The head of Ontario's Science Table says the province should provide rapid tests for elementary school students in hot-spot communities, but only if COVID-19 cases double current levels.
Dr. Peter Juni, the advisory table's scientific director, is recommending the province deploy rapid targeted testing for students under the age of 12, who are too young to be eligible for vaccination, when daily case counts in Ontario hit between 1,000 to 1,500.
The province then should look at communities where case rates are the highest and focus the rapid testing on schools that are struggling with outbreaks, he said.
In these schools, kids could complete two rapid tests a week, Juni said. If there's a positive result, that student would isolate and take a PCR lab test to confirm they have COVID. Their classmates could take a "test to stay" approach, continuing in-person learning as long as their rapid tests came back negative.
However, Juni said Ontario remains in a "very good" situation with roughly the same number of COVID cases each day, and seven-day averages hovering between 500 to 600. Currently no schools require that level of surveillance, he said.
"Rapid tests are an additional lever that can be pulled to control the pandemic but right now, we're not in a situation where any of that is needed," Juni told CBC News in an interview Monday.
"We will not be able to do a cookie-cutter approach in the entire province because the logistical challenges and the number of tests that would be needed are simply too large."
Some parents and experts are demanding the province implement large-scale rapid antigen testing — which requires a nasal and mouth swab and returns results within 15 minutes — in all schools.
Chief Medical Officer of Health Dr. Kieran Moore has been resistant to the idea in recent weeks, echoing Juni's comments and maintaining that false positives would lead students not actually infected to stay home from school and get PCR tested, overburdening labs.
Moore is expected to make an announcement about rapid testing Tuesday morning.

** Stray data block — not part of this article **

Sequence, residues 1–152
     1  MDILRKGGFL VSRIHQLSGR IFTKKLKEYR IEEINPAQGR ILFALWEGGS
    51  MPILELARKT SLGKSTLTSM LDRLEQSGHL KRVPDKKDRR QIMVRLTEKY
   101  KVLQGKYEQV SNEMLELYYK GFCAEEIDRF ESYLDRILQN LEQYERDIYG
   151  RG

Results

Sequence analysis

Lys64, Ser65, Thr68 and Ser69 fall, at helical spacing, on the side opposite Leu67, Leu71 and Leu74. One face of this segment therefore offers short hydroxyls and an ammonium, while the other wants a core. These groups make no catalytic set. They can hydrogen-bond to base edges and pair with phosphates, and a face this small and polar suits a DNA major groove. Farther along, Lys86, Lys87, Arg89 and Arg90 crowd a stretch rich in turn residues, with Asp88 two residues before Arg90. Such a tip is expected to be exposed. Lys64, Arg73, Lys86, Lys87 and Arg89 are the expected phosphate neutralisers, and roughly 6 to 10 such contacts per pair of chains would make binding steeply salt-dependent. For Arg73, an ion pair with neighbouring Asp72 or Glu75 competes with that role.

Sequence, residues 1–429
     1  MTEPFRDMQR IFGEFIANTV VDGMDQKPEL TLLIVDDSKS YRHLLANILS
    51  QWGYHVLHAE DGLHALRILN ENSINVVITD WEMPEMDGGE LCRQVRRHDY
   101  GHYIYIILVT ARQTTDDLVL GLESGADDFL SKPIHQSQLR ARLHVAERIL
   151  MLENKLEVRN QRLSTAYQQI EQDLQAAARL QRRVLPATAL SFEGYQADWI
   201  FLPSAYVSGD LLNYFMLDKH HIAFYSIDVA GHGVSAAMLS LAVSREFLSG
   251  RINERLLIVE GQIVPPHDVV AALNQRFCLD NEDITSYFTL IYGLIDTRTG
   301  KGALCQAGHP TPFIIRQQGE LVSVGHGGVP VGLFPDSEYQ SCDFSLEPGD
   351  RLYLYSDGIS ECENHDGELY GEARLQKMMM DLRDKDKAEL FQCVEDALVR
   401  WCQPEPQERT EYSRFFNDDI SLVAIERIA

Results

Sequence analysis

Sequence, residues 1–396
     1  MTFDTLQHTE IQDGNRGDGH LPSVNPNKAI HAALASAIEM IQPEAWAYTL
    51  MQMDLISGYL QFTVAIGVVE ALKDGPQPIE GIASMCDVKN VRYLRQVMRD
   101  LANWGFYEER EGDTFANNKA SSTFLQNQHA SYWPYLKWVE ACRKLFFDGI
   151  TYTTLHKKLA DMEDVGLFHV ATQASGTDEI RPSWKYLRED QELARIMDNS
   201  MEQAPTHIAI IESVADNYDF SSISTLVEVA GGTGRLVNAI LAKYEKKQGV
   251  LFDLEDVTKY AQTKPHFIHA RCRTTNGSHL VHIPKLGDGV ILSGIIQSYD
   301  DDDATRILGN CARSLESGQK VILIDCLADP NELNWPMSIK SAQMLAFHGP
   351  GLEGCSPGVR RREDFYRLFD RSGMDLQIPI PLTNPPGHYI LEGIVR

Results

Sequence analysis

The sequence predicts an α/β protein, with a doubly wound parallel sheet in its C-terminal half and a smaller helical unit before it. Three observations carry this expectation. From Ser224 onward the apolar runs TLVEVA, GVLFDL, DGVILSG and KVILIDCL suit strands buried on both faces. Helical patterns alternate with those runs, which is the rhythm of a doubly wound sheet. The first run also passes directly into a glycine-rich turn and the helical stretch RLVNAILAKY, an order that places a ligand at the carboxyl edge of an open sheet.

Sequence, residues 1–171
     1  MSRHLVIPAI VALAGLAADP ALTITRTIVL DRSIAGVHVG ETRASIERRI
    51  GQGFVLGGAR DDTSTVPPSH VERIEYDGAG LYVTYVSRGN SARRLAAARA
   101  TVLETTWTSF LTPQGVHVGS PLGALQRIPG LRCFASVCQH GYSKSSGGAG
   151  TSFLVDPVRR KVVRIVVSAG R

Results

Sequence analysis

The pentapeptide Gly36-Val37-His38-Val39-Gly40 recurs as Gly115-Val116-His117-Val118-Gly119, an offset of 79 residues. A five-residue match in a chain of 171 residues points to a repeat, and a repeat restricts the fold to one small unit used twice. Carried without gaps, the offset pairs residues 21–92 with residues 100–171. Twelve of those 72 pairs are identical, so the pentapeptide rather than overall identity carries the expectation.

Juni said the science table has been working with Moore, the health ministry and other stakeholders for the last three weeks to proactively figure out the details should the need for rapid tests arise.
Dr. Barry Pakes, of the University of Toronto's Dalla Lana School of Public Health, said hyper-local, targeted rapid testing is the way to go. If all of Ontario's two million students were tested multiple times a week that would lead to thousands of false positives even if the tests were 99 per cent accurate, he said.
"Parents' desire to keep their kid safe is understandable, but it's maybe a little misdirected or not the best use of resources, when we really do need the resources for vaccinating parents and getting ready for vaccination of those kids," Pakes said.
According to the federal government, which supplied the provinces with millions of rapid tests last year, Ontario has received 20 million rapid tests and used six million. It would need far more tests to do provincewide testing in schools, he said.
Rapid testing best way to screen, experts say
The three other experts CBC News spoke to were strongly in favour of widespread rapid testing and disappointed the province hasn't used them in schools yet supplied them to businesses.
"Clearly the fact that the Ontario government is supporting businesses with rapid test shows that these rapid tests are important and can potentially help curb the spread of COVID-19," said Dr. Naheed Dosani, health equity lead at Kensington Health in Toronto.
"So why aren't children and families getting the same access? Are children and families not deserving of safety of wellbeing?"
Rapid testing is also the best tool to screen people who are asymptomatic but nonetheless spreading COVID-19, said epidemiologist Colin Furness at the University of Toronto. The tests are far superior to the current screening questions that focus on symptoms.
"Those questions don't make a lot of sense when the majority of kids, or at least half, are asymptomatic," Furness said.
Biostatistician Ryan Imgrund was a consultant on recent school guidance from Toronto's Hospital for Sick Children and the science table, which this summer recommended rapid testing where community cases were high. He said current screening questions are not working in schools and cases are detected only after they've been transmitted.
In this environment, rapid testing is ideal, said Imgrund.
It should already be in use in school districts like Hamilton where the public board has already reported more than 100 cases across more than one-third of its schools — "extremely troubling transmission," Imgrund said.
If the province had a plan in place, it could've been supplying the tests that health unit right way to be distributed through school nurses to staff and students.
"What seems to happen is with masking, with vaccine mandates, with rapid antigen testing, the government only acts when people start to shout about it," he said.